This is a series in which we resource and challenge you to simplify a different area of your home each week. So let’s get at it!
The Utensil Drawer
I am not the most logical person. For most of my life I’ve moved through my days doing things as I’ve always done them, never evaluating my actions for efficiency.
Fortunately, my husband is logical to a fault. Thankfully he’s also gracious. But he does want our home to function well.
He has taught me is to simplify and minimize our utensil drawers, and it’s awesome.
When we get a new spoon, spatula, ladle, etc it can be easy to add to the drawer. However, at some point this drawer no longer opens and closes smoothly. It becomes difficult to locate and remove what you need. Utensils get caught under one another. Soon there are duplicates, damaged items, specialty gadgets, and bulk taking up space. The result is a hiccup of resistance every singe time you take or return a utensil, which is likely many times per day.
This can be easily eliminated! Do the “hard work” now (it will take you five minutes), and you’ll get that time back and in no time. And a small bit of stress will be removed from your days. I’d say that’s a win all around.
- Take everything out of the drawer
- Identify items that are seasonal (a soup ladle), especially bulky (a rolling pin perhaps), needless duplicates, and items you don’t use frequently enough to justify taking up prime real estate.
- Find another spot for them. If you use them occasionally, keep them in or near the kitchen. We have our soup ladles and extra measuring cups in a lower cabinet. I suggest getting rid of things that you haven’t used in a year or more if you feel comfortable doing so, or at least box them up and move them out of the kitchen to a basement or storage area.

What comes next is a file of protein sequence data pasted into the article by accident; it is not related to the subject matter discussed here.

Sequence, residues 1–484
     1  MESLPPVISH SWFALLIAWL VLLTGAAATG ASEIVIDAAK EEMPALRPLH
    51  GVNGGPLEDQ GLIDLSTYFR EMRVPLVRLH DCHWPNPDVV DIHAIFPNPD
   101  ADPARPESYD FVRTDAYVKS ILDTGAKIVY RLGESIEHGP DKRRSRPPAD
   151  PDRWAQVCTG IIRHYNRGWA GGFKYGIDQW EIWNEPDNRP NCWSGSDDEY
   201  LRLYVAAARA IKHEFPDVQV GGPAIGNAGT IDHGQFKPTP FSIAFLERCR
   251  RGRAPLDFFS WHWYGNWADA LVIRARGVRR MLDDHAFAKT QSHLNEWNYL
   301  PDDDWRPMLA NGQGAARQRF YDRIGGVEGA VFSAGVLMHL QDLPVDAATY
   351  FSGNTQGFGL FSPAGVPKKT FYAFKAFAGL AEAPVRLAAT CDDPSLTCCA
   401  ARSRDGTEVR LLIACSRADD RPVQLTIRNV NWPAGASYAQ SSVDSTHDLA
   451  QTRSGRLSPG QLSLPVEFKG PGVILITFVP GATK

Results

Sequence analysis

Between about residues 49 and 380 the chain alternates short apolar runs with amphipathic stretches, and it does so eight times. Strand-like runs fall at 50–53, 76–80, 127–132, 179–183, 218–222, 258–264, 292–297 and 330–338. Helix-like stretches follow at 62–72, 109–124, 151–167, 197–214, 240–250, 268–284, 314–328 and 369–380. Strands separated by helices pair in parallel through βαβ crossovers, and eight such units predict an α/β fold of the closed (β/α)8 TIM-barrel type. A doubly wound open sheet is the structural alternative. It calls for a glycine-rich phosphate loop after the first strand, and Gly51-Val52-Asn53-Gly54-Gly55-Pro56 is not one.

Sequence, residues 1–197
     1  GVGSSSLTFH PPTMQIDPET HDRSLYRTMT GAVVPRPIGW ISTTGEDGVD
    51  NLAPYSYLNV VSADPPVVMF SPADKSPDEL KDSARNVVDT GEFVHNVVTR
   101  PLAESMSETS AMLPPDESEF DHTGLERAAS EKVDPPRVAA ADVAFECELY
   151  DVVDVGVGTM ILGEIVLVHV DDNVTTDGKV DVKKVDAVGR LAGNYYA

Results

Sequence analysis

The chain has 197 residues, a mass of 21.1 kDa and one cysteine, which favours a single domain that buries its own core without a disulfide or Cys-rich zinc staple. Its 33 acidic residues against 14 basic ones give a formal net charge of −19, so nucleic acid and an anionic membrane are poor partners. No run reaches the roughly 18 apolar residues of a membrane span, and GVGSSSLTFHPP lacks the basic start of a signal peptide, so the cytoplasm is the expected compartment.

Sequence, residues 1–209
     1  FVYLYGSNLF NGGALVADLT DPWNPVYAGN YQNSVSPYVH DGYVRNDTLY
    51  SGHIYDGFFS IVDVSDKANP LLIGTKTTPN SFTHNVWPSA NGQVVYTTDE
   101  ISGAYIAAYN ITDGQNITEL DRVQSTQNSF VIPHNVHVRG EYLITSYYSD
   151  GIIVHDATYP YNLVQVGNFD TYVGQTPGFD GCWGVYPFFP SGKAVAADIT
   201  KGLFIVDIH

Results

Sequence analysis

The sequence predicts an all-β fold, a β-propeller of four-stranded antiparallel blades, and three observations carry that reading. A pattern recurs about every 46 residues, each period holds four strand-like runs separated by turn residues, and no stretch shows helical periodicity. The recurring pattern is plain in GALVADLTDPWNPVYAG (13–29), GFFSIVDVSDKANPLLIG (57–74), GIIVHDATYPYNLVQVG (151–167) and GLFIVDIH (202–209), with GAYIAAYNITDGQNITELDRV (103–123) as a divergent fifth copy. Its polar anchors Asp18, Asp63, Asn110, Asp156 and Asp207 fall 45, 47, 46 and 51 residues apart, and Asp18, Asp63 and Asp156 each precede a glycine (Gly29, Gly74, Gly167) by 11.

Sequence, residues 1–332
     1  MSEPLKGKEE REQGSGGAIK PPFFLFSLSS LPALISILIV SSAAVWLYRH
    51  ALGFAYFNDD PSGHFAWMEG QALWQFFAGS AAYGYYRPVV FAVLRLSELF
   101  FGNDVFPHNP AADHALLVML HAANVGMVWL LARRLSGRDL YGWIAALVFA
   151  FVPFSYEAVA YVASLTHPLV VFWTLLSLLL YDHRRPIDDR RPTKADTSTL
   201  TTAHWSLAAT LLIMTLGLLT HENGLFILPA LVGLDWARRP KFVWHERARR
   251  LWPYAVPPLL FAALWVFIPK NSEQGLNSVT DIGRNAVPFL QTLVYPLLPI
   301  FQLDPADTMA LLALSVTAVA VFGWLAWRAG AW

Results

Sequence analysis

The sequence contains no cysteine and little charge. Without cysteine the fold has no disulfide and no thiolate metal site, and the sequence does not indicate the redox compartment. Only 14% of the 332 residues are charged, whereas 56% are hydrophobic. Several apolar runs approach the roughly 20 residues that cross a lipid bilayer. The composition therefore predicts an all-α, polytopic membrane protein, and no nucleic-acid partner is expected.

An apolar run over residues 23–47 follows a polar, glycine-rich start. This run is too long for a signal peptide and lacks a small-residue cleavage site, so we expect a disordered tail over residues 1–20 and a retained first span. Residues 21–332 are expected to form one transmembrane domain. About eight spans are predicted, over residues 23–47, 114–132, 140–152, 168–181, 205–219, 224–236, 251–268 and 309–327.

- Put your most used and useful items back in the drawer.
- Viola! Easy open. Easy close. Easy to see what you have. Easy to find what you need.
The same principles can apply to simplifying a counter top utensil holder. We prefer to use a drawer because it reduces counter top clutter, but that’s for another post.
When my husband and I got married, we decided to invest in some quality cooking utensils. Our plan was to buy one per year until we built up a good supply. So, for each of the past five years, we’ve been treating ourselves to one silicone, Williams and Sonoma something. They’re only about $12 each, but when you’re buying a whole supply, that adds up quickly.
I have to say, I highly recommend doing this. All of these products look brand new to this day. It’s amazing. Not only do we get the long term value of having nice utensils that work well, we also don’t have to replace them often, if ever. This can save money in the long run while providing a better experience day to day. It also reduces our footprint of waste.
Having a few nice, easily accessible utensils is simply a good way to live. Try it!